With Veselina’s division, MFS meets a young woman desperate to rescue her grandmother who stubbornly refuses to leave her home in spite of the bombing around her and a small opera company in Donetsk city trying to maintain a busy schedule of rehearsals and performances to keep up the citizens’ spirits. MFS then trails another commander, Givi, who shows him what remains of Sergey Prokofiev International Airport in Donetsk, once the most modern airport in eastern Ukraine: the entire complex has been destroyed and all that is left is endless ruin. MFS talks to people living close to the war front, several of them forced to live in basements where among other things they celebrate a young man’s birthday. What MFS sees and hears, and what civilians tell him, are all too much for the journalist to bear and the film concludes with MFS doing his grunge guitar thang, singing his heart out to the world and expressing his anguish and rage that senseless war is being visited on Donetsk and other places in eastern Ukraine.

MFS never does find Russian troops in and around Donetsk, and local people tell him they have never seen Russian soldiers either. All the fighting against the Ukrainian army is by local people, all Ukrainians speaking Ukrainian dialects of Russian. One man condemns Ukrainian president Petro Poroshenko for bringing war and suffering to Donetsk.

It is possible that by only visiting Donetsk, MFS has received a biased point of view about the war in eastern Ukraine and that if he had gone to places like Lugansk, Kramatorsk and Mariupol, he might have seen Russian troops on eastern Ukrainian soil. The people he talks to seem genuine enough: they are all ordinary people employed in jobs like mining, carpentry, various professions and farming, and all have felt compelled to take up arms against Kyiv to defend and preserve their language, culture and land. The spirit and independence of the people of Donetsk city and region are prominent and infectious, and at the end of the film I can’t help but cheer them on and hope that they succeed in retaining their land and identity.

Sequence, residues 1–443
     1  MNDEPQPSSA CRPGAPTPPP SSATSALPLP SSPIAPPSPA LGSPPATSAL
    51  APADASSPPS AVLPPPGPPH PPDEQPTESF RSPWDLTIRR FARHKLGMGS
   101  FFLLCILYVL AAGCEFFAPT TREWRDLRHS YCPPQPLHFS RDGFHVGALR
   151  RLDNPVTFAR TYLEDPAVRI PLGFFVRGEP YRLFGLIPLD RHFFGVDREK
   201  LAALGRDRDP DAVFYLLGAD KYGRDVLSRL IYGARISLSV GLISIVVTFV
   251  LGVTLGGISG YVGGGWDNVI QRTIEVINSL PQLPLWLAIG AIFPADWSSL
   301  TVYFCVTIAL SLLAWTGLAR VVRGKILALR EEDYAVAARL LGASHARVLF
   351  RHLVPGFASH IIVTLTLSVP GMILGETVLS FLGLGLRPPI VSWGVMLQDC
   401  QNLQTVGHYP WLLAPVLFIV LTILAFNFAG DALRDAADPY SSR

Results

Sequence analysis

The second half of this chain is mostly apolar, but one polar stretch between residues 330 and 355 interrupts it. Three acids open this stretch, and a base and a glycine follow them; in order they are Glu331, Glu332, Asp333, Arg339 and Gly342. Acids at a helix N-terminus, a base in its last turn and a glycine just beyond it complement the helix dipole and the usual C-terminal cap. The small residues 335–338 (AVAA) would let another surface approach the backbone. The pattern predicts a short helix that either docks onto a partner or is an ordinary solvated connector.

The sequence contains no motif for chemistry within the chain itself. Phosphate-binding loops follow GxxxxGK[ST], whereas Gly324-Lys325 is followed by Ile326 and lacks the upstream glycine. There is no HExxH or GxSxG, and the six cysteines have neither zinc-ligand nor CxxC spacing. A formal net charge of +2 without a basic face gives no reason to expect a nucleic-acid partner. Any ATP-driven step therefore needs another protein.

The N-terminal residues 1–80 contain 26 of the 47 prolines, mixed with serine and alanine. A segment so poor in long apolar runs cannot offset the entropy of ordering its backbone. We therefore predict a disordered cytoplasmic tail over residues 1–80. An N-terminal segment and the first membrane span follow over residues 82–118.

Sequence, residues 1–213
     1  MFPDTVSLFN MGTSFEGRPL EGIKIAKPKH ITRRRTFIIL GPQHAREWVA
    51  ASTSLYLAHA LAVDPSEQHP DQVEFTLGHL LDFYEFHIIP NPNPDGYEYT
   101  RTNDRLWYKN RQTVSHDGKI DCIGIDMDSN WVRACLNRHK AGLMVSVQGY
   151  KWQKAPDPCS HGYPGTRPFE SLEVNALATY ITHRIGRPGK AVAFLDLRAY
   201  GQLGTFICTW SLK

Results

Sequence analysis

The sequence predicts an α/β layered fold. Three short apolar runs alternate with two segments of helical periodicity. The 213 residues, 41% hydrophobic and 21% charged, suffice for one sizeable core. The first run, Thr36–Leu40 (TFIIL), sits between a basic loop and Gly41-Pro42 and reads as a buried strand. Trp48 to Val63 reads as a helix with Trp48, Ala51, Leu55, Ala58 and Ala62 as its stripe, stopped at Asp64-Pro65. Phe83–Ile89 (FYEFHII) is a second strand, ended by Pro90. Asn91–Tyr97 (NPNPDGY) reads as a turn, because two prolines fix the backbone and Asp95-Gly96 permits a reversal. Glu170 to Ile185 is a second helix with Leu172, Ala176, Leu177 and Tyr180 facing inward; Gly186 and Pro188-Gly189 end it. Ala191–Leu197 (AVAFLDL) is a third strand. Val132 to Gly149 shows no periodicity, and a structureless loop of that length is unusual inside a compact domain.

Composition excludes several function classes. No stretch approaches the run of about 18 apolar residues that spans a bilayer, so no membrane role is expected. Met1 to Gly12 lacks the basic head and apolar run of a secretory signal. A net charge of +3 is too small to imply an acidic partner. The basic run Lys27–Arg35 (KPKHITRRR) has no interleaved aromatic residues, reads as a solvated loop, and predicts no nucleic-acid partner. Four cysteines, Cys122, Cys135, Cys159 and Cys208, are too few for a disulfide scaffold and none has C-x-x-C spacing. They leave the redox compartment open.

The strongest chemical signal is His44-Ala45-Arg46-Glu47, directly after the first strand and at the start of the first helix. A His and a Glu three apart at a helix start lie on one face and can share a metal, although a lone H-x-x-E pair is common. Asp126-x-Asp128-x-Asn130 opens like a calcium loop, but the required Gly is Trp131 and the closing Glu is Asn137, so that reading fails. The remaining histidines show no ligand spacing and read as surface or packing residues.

Yes, this is a propaganda film; in the midst of war, in which two opposed sides claim to possess the truth, seeking and claiming “balance” in viewpoint is impossible. One cannot be “impartial”, one must decide who to believe and not to believe, who is right and who is not, based on the evidence and facts found. MFS has bravely put his life and beliefs on the line to bring what he believes is the truth and it certainly does not reflect well on Western news media, our governments and ultimately us that we may be the ones supporting forces inimical to democracy and good governance.

Yet even in an awful and brutal war such as this civil war against the people of Donetsk, the human spirit, as exemplified by the Donetsk people’s cheerfulness, communal spirit and determination to carry on as normal, keeping their city clean and comfortable and performing music and opera, is radiant and shines through the terrible destruction.